Home » Expert Speak
Subscribe for News letter
Fetching Data...
Site Map Why Finalaya

Expert Speak

Union Budget: Pain of an AamAadmi

G+ Profile |
Category:  Economic  
| 26-02-2016 01:22 PM

Compared to 2010, the cost of living for an average middle class family in most cities has gone up by a minimum of 20%. But we are still about 70% cheaper than the United States of America, and that should be a good starting point for this discussion which is otherwise filled with some hard hitting realities. The salaried class is the worst hit for more reasons than one. We have attempted to highlight some of the areas of concern that the FM would hopefully address in his budget.

All eyes on implementation of 7th pay commission

Small concessions in direct taxation have been neutralized by a higher cost of living, leaving lesser actual disposable income. However, the 7th pay commission report is now getting ready to be implemented effective January 1, 2016, albeit with a higher percentage of pay hike than what has been recommended and that should put some additional cash in the hands of central government employees. State governments may not lag behind, though the private sector is likely to drag its feet at least for some time to come.

Stagnant Industrial Growth while the IT sector shines

Industrial growth has stagnated translating to fewer employment opportunities in that sector. Engineering colleges around the nation are fighting for survival for want of intake. The state of higher education in India is far from impressive with a handful of exceptions.  The IT sector continues to ride the waves. With more multinationals waiting on the wings to expand their presence in India, the Finance Minister might explore ways and means to sustain the momentum and perhaps provide more impetus. Most states have focused on developing appropriate infrastructure for the IT industry and that augurs well for the economy as a whole and employment generation in particular.  We need those jobs by the day or by the night – don’t we?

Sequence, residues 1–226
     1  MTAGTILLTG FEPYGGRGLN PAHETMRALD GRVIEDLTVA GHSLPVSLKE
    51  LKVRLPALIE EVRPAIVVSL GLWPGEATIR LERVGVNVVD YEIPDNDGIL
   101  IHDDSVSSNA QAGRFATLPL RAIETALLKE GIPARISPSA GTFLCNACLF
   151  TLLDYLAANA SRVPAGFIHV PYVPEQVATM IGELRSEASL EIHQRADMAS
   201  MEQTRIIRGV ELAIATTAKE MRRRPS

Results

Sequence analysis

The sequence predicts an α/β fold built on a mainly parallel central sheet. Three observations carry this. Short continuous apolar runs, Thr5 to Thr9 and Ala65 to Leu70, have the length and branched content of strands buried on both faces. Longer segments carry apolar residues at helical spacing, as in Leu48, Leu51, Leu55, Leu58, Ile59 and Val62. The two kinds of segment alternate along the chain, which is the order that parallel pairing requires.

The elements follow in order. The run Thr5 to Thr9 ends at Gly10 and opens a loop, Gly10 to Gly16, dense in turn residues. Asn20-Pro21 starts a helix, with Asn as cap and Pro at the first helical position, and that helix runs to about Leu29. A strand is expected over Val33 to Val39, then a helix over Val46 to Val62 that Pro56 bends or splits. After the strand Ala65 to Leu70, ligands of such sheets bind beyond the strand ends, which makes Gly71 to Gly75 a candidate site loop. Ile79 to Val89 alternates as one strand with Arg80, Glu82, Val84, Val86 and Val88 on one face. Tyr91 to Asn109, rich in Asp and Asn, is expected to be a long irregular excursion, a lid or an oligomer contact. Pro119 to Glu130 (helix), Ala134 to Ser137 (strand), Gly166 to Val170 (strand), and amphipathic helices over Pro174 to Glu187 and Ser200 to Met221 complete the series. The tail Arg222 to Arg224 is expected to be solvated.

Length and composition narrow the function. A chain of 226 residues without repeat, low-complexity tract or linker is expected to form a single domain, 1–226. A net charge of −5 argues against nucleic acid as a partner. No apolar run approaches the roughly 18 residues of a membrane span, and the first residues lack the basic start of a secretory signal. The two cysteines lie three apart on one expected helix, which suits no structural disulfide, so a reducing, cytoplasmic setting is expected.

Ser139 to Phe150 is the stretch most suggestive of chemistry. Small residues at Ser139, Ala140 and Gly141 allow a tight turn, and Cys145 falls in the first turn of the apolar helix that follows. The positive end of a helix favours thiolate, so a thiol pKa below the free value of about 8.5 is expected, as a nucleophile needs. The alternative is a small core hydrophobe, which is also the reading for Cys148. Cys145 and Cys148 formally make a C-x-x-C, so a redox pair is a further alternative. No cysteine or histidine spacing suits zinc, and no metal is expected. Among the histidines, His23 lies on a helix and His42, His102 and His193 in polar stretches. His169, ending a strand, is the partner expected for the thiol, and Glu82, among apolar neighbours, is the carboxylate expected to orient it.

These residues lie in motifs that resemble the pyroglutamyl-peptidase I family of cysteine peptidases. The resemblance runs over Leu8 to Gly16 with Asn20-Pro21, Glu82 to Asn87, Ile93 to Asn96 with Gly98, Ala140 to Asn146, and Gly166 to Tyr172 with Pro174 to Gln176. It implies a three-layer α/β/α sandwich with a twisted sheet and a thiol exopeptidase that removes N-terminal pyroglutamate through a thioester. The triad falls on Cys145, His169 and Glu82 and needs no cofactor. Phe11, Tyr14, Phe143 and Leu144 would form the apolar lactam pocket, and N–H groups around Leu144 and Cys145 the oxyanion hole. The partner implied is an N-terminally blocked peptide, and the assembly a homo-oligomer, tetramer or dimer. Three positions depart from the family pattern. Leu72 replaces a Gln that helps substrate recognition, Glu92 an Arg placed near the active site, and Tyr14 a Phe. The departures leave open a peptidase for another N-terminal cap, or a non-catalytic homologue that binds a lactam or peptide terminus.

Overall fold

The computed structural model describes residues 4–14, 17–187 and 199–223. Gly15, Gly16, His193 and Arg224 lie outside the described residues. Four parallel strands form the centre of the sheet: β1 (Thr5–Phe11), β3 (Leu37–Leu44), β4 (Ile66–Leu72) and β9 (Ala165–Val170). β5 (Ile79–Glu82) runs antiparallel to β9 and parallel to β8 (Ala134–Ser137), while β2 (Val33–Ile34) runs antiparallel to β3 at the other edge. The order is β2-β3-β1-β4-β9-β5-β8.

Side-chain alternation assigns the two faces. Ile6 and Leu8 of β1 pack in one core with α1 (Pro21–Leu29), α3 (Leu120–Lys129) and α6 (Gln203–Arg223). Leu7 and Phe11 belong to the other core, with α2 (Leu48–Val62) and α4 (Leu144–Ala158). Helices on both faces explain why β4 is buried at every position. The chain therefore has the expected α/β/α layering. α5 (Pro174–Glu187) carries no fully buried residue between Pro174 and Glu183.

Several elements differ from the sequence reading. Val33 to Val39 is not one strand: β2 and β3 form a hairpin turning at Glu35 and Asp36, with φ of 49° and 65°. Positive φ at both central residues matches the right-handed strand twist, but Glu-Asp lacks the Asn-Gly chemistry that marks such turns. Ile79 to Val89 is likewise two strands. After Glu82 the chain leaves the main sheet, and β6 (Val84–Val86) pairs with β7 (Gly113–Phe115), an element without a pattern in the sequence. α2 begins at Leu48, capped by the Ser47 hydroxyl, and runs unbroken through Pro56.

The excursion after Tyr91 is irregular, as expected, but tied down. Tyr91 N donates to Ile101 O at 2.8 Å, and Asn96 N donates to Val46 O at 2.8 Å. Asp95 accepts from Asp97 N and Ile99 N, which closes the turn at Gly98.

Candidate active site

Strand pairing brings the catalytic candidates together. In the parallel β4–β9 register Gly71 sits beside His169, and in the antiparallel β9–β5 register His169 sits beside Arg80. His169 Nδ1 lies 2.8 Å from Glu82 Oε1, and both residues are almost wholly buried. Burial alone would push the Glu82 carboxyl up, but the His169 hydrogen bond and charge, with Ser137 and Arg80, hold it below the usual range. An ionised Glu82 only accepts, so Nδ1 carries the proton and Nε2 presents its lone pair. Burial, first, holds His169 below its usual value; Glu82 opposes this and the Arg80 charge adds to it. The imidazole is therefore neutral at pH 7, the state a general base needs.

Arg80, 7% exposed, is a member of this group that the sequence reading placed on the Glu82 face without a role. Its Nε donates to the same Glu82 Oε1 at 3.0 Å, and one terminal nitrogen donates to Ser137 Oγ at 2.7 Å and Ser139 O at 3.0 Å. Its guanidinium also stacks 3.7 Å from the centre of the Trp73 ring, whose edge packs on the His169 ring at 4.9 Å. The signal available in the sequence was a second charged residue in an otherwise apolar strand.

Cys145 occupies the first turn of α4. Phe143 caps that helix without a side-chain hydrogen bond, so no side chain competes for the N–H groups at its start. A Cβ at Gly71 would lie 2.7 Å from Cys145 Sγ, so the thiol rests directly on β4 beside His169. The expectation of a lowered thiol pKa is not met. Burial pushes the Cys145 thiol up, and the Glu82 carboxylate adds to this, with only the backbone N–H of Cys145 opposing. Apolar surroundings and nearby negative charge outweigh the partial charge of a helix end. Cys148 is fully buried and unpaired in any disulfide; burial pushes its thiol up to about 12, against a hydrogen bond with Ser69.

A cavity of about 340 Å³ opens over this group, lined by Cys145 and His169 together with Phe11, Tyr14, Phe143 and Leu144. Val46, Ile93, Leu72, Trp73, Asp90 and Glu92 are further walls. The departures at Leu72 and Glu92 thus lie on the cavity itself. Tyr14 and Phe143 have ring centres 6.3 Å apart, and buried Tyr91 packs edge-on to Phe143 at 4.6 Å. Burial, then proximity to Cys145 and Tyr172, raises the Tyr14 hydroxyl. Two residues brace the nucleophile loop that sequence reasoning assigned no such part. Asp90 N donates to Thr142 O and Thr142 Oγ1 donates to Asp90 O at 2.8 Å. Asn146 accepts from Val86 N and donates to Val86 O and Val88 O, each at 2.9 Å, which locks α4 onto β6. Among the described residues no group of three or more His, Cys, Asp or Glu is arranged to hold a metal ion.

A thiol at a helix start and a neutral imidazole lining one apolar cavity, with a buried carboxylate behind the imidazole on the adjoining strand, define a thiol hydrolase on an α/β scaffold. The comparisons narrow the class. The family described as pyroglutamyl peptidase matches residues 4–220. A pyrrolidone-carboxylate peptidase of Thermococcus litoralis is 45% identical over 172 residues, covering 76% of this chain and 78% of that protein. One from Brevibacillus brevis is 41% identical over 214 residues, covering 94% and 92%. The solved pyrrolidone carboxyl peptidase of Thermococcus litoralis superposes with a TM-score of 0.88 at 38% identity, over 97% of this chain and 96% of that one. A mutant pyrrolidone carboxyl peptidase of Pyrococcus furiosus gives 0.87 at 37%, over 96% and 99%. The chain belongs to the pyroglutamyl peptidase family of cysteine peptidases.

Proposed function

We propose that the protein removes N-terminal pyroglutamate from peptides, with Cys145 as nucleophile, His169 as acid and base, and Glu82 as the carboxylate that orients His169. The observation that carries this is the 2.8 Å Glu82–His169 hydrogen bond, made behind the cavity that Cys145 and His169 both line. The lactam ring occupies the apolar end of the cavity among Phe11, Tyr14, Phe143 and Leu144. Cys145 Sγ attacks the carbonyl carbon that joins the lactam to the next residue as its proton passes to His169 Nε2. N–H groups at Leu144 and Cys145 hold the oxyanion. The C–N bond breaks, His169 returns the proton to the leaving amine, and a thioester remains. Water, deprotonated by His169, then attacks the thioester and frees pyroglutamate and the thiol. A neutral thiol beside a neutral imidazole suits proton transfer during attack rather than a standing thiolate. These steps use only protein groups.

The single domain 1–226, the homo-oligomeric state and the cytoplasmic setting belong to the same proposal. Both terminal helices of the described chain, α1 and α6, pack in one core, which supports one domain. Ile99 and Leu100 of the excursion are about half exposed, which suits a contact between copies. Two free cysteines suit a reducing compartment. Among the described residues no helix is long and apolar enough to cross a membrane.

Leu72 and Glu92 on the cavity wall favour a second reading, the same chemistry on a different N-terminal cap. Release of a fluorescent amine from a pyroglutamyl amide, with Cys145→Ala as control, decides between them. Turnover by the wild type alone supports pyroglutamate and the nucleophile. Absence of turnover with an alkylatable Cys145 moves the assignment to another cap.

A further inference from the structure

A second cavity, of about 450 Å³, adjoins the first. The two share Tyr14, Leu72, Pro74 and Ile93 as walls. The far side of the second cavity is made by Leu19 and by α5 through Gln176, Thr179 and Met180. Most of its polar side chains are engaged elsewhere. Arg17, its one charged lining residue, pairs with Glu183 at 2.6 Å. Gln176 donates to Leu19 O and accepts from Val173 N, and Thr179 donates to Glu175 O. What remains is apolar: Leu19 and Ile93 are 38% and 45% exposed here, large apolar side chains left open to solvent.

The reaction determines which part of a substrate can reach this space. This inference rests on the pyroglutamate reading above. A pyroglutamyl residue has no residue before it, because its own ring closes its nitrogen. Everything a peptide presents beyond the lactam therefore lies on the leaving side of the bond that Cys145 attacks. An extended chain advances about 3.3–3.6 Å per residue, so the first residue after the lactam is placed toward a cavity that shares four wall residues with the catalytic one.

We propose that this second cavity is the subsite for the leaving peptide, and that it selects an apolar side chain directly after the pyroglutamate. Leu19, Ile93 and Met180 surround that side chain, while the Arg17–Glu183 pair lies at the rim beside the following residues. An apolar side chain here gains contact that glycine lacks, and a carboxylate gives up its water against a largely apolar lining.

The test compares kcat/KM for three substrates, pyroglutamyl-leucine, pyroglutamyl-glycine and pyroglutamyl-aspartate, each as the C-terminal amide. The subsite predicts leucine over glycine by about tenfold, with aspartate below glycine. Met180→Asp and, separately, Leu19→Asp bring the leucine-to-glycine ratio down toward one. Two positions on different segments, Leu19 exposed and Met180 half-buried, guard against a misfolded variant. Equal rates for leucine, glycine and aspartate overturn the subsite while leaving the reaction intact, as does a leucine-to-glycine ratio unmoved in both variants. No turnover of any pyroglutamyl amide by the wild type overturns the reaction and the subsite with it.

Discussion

Soaps for IT sector setting shop in smaller cities and towns

The IT sector could benefit significantly if the budget provides a thrust to developing tier II and tier III cities in India into productive hubs. Implemented with vision, it can be a win-win measure for all stake holders. The spin off from the impetus when provided can generate more support and ancillary jobs in the semi rural and rural towns of India.